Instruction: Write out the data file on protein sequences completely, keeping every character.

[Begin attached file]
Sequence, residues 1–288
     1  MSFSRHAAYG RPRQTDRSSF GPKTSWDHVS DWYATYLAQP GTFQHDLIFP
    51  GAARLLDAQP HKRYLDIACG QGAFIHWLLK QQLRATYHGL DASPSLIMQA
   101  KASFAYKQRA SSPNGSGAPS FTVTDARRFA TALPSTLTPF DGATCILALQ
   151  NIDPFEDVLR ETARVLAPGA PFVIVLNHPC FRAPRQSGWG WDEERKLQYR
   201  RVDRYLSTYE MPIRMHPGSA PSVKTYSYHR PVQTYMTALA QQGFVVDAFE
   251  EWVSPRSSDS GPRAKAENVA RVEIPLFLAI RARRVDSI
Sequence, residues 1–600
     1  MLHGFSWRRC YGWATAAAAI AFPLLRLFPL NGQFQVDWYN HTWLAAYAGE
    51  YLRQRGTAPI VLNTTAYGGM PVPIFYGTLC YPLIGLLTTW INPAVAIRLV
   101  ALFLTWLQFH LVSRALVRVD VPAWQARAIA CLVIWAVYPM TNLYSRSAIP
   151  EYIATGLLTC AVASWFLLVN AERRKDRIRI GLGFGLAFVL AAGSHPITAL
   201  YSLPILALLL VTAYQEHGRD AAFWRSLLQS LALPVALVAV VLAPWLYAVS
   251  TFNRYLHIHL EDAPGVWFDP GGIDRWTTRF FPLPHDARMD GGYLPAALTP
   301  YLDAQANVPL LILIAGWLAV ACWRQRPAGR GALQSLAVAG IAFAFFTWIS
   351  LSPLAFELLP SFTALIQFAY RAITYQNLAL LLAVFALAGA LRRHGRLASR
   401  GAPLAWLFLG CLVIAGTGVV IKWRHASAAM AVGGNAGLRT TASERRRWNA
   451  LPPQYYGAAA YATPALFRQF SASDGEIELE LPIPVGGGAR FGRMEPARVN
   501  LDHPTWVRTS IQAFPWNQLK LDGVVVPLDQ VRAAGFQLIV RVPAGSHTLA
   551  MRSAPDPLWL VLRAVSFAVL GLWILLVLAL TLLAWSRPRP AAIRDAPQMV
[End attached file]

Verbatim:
Sequence, residues 1–288
     1  MSFSRHAAYG RPRQTDRSSF GPKTSWDHVS DWYATYLAQP GTFQHDLIFP
    51  GAARLLDAQP HKRYLDIACG QGAFIHWLLK QQLRATYHGL DASPSLIMQA
   101  KASFAYKQRA SSPNGSGAPS FTVTDARRFA TALPSTLTPF DGATCILALQ
   151  NIDPFEDVLR ETARVLAPGA PFVIVLNHPC FRAPRQSGWG WDEERKLQYR
   201  RVDRYLSTYE MPIRMHPGSA PSVKTYSYHR PVQTYMTALA QQGFVVDAFE
   251  EWVSPRSSDS GPRAKAENVA RVEIPLFLAI RARRVDSI
Sequence, residues 1–600
     1  MLHGFSWRRC YGWATAAAAI AFPLLRLFPL NGQFQVDWYN HTWLAAYAGE
    51  YLRQRGTAPI VLNTTAYGGM PVPIFYGTLC YPLIGLLTTW INPAVAIRLV
   101  ALFLTWLQFH LVSRALVRVD VPAWQARAIA CLVIWAVYPM TNLYSRSAIP
   151  EYIATGLLTC AVASWFLLVN AERRKDRIRI GLGFGLAFVL AAGSHPITAL
   201  YSLPILALLL VTAYQEHGRD AAFWRSLLQS LALPVALVAV VLAPWLYAVS
   251  TFNRYLHIHL EDAPGVWFDP GGIDRWTTRF FPLPHDARMD GGYLPAALTP
   301  YLDAQANVPL LILIAGWLAV ACWRQRPAGR GALQSLAVAG IAFAFFTWIS
   351  LSPLAFELLP SFTALIQFAY RAITYQNLAL LLAVFALAGA LRRHGRLASR
   401  GAPLAWLFLG CLVIAGTGVV IKWRHASAAM AVGGNAGLRT TASERRRWNA
   451  LPPQYYGAAA YATPALFRQF SASDGEIELE LPIPVGGGAR FGRMEPARVN
   501  LDHPTWVRTS IQAFPWNQLK LDGVVVPLDQ VRAAGFQLIV RVPAGSHTLA
   551  MRSAPDPLWL VLRAVSFAVL GLWILLVLAL TLLAWSRPRP AAIRDAPQMV